This year, I was excited to continue with one of my favourite new traditions! Catch some screenings at the Göteborg Film Festival, of course!more
Göteborg Film Festival is the biggest film festival in the Nordic countries. This year it ran from 25 January to 4 February. During this time, it hosted about 450 different films from 80 different countries. The festival attracts about 160 000 visits each year! I went to the festival to see a couple of screenings last year, so decided to go again this year. My favourite aspect of the festival is seeing independent movies. These are usually difficult to find at most cinemas or streaming services so it’s a great opportunity!
Attending the festival requires a festival pass, which costs 50 SEK. A ticket for a movie screening is 65 to 95 SEK. In addition to giving you access to screenings, the festival pass gives you access to other festtival events, such as concerts and parties. There is also a student pass for 650 SEK, which gives you access to unlimited daytime screenings from Monday to Friday! Worth it if you plan to see a lot, but I decided to stick to buying individual tickets.
I had planned to see 2 or 3 films but found myself getting really busy and involved with my thesis last week. It’s hard hyping yourself up to go see a film after long days at the office! It was also really difficult to choose what to see, considering the huge range of selection!
However, by some awesome twist of luck, my thesis work actually helped me pick what to see! We were hosting a dialogue with some industry stakeholders. The topic of conversation was food and sustainability. We were discussing questions such as: how do we produce food more sustainably? How should we avoid, and deal with, food waste? At some point during the discussion, a lecturer from the University of Gothenburg recommended a documentary called Wild Relatives.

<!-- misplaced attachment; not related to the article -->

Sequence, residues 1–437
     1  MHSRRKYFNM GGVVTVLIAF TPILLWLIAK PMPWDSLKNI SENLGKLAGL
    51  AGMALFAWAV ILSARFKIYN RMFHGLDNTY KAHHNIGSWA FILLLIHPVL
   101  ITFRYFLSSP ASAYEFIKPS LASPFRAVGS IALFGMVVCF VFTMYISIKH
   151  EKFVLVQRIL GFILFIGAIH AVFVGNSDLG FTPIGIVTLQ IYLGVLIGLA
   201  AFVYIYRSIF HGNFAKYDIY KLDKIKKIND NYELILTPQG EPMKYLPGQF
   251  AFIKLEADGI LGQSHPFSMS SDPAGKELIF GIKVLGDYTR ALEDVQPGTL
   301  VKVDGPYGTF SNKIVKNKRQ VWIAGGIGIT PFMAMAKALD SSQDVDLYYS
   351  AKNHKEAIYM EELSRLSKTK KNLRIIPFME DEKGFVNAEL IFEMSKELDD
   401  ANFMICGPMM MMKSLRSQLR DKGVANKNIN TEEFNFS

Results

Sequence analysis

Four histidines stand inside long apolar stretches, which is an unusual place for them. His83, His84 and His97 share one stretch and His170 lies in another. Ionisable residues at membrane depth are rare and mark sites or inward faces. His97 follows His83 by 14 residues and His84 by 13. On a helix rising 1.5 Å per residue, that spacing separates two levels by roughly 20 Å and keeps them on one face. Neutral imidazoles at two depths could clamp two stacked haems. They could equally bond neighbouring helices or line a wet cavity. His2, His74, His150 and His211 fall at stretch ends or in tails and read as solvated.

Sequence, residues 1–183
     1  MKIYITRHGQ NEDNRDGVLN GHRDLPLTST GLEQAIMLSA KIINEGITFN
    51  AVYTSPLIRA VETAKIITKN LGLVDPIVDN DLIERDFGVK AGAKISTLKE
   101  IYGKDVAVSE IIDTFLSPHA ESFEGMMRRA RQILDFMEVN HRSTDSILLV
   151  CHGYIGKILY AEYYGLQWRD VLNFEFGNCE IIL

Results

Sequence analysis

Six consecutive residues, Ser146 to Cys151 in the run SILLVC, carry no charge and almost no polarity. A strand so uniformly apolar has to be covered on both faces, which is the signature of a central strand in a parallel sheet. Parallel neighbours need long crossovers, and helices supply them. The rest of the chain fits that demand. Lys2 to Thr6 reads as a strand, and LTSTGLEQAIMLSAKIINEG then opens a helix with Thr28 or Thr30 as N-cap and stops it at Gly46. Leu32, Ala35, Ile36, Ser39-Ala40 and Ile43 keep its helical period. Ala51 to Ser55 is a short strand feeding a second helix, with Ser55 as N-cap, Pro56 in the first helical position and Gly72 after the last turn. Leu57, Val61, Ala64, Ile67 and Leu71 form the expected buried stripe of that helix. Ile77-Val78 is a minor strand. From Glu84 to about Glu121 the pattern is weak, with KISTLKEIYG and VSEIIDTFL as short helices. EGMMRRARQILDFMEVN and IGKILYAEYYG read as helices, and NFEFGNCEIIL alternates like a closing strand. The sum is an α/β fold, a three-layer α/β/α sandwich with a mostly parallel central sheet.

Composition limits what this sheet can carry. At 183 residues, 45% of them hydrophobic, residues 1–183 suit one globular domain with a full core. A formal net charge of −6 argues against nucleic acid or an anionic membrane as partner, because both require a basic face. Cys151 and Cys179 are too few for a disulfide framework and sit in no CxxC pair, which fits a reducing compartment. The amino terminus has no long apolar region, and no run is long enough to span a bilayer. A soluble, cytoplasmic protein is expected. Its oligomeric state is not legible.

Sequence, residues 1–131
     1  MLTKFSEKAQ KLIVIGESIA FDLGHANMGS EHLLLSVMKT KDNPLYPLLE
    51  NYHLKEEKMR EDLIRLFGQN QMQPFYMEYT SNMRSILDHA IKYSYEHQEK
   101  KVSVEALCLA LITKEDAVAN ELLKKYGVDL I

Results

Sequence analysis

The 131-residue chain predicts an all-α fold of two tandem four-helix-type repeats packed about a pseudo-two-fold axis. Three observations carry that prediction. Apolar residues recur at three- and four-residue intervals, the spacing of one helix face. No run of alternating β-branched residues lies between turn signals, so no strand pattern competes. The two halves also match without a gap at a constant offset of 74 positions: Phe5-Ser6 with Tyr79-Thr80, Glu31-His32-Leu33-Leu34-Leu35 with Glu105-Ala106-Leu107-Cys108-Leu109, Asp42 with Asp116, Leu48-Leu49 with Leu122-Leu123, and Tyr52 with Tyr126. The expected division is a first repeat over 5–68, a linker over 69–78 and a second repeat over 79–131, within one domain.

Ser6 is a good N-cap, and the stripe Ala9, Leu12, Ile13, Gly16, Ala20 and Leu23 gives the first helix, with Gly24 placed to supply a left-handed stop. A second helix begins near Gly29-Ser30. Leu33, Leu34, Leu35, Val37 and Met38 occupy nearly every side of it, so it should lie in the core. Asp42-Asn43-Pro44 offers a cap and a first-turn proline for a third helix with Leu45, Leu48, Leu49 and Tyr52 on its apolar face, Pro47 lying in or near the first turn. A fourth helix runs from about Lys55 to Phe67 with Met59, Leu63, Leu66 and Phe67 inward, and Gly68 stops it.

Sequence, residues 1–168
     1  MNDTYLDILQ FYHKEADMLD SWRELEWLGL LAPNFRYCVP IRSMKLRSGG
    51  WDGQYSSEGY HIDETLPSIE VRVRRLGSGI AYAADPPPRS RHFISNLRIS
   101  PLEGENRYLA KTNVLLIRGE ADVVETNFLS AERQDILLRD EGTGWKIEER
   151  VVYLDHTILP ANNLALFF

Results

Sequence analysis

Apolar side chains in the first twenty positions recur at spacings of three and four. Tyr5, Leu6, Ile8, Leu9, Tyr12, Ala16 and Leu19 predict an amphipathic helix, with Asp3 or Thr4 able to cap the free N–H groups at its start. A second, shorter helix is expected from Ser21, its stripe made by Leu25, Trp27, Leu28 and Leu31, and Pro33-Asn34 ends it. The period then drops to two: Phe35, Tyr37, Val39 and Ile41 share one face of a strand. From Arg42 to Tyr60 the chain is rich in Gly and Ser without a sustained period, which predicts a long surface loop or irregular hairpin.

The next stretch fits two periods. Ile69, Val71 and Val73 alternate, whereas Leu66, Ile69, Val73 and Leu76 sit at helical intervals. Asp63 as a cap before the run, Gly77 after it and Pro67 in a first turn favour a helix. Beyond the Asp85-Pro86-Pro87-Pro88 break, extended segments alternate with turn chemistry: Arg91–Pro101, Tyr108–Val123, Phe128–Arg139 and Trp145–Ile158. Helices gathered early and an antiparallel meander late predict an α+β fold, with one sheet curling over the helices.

After the session, I looked it up and it seemed interesting. Wild Relatives is a documentary about humanity and agriculture. More specifically, about seeds, their value for the future, and the how their preservation is done. The story is rooted in three different locations – Syria, Lebanon, and Svalbard (Norway). It touches on many themes – from climate change, human conflict, economics, and humanity’s relationship with the land. Check out the trailer below if this sounds interesting:
I think making time to go see a documentary related to my interests gave me an “excuse” to take time off. It actually felt like I was being productive while having fun! Despite a busy week, it felt important to take some time out to relax. I also think it shows the importance of having some routine, or yearly traditions. These events can remind you to slow down, and take a moment to enjoy things in the moment.
If you’d like to read more about last year’s festival, check out my post from last year here!
Curious about cultural events in Sweden? Leave your question in the comments below!